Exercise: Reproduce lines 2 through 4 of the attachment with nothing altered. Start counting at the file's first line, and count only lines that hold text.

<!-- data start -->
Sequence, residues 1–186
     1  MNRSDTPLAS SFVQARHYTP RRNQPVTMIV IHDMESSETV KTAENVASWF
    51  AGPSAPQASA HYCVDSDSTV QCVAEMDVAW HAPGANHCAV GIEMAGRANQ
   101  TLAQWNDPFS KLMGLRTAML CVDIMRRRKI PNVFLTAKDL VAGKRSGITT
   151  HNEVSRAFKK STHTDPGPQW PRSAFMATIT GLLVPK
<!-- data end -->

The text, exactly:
     1  MNRSDTPLAS SFVQARHYTP RRNQPVTMIV IHDMESSETV KTAENVASWF
    51  AGPSAPQASA HYCVDSDSTV QCVAEMDVAW HAPGANHCAV GIEMAGRANQ
   101  TLAQWNDPFS KLMGLRTAML CVDIMRRRKI PNVFLTAKDL VAGKRSGITT